The fight for women’s rights in Afghanistan

Women never have any choices. We heard it once from Khadija, the woman who set herself on fire in an attempt to escape the suffering in Afghanistan. But it is not the first time we have heard it and it will not be the last.

Many of us sat in horror watching people risking their lives and falling off planes in a desperate plight for freedom after the Taliban took control of Afghanistan.

It is easy to doubt whether the Taliban’s promise to respect women’s rights will hold up under the weight of their historical oppression, domination and abuse. Though the Taliban advertises its more moderate ideologies, history remembers their previous rule which forced women into their houses and hosted public executions. Horror and violence are not easily forgotten. So, 30 years later, as Afghanistan once again resides in the hands of the Taliban making promises of women’s rights, in accordance with Islamic practices, we wonder what that means.

Only nine years ago Malala Yousufzai took a bullet to the head for the abominable crime of being a girl who was seeking an education. A bullet put in her head by the same Taliban that claims, now, girls will be allowed to study. A bullet which nearly killed the girl who desperately wanted a life beyond death and destruction. Now, an Oxford graduate, she noted that nine years later “I am still recovering from just one bullet. But the people of Afghanistan have taken millions of bullets over the last four decades”.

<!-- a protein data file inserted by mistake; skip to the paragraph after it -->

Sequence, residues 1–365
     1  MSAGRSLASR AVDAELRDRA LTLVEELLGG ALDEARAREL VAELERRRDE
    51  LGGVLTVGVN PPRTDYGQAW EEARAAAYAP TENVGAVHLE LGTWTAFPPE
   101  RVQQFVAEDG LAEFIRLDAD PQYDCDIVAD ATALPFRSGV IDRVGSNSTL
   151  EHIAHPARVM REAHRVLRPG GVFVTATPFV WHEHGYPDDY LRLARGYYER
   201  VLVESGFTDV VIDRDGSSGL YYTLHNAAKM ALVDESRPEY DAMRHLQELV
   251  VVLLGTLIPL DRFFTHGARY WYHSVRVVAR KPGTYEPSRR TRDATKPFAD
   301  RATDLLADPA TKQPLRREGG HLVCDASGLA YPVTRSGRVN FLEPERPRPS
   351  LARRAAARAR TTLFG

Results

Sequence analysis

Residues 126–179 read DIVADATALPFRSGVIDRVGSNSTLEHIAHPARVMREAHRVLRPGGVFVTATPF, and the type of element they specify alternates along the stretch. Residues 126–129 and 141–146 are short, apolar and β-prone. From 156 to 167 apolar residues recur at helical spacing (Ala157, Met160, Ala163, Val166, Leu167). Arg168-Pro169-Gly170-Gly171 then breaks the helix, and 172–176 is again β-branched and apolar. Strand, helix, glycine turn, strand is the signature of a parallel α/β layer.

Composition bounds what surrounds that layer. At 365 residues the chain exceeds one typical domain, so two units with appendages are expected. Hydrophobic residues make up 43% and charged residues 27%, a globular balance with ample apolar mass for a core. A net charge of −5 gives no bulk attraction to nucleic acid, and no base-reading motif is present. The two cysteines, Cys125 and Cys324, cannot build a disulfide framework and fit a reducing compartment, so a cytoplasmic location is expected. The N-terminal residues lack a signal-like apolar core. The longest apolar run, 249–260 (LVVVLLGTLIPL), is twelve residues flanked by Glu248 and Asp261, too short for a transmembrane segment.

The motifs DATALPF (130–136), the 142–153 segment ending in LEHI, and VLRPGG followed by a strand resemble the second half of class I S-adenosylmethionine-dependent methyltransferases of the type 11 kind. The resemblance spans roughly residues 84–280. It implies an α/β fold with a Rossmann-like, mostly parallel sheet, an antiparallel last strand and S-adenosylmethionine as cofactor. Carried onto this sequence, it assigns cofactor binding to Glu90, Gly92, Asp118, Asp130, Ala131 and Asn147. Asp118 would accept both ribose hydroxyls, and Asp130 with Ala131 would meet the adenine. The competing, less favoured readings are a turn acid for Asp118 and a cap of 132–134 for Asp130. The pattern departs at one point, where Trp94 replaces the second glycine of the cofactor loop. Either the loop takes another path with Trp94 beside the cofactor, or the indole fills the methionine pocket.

So, what is to change for the women of Afghanistan. Well, for the foreseeable future; Afghanistan will be led by senior Taliban rulers described as the ‘worst of the worst’ by Michael Kugelman (deputy director of the Asia Program at the Wilson Centre). The humanitarian crisis is already desperate, the Afghan people rely on increasingly reduced foreign aid. But it is the women who will feel the brunt of this force. It is women who are considered to be second class citizens, incapable of being independent. It is women who must rely on men, on their father’s or brothers or husbands. It is women who will be abused in a violent spectacle of sexual violence to punish the men in charge of them. To injure the pride of their husbands by leaving their virtue in tethers.

It is women who won’t be allowed to work. That’s an attack on women today. It is the women who won’t be allowed to study. That’s an attack on women tomorrow.

Debilitating ignorance breeds desperate reliance. Paired with the inadequate medical care for women, female lives are dispensable and intangible. Fragments of lives never fully lived. Potential never fulfilled.

“We are locked at home and cannot see the sun.”
Nageeba, a 35-year-old woman in Kabul.

The question of how the 90’s Taliban rule will compare to the 2021’s Taliban rule is up in the air. But it seems improbable that in 30 years the strict philosophies will have evolved. Not when we saw Malala shot. Not when we saw Kabul fall. Not when we saw people running to be evacuated.
We can hope that the Taliban will be mild. We may wish that the women will be safe. But, watching from the Western world – where, even now we see discrimination and injustices in the 21st century, the probability of female liberation under an inherently anti-female regime is a ridiculous, imperceptible hope.


Featured image: Women of Afghanistan via Wikimedia Commons with License  

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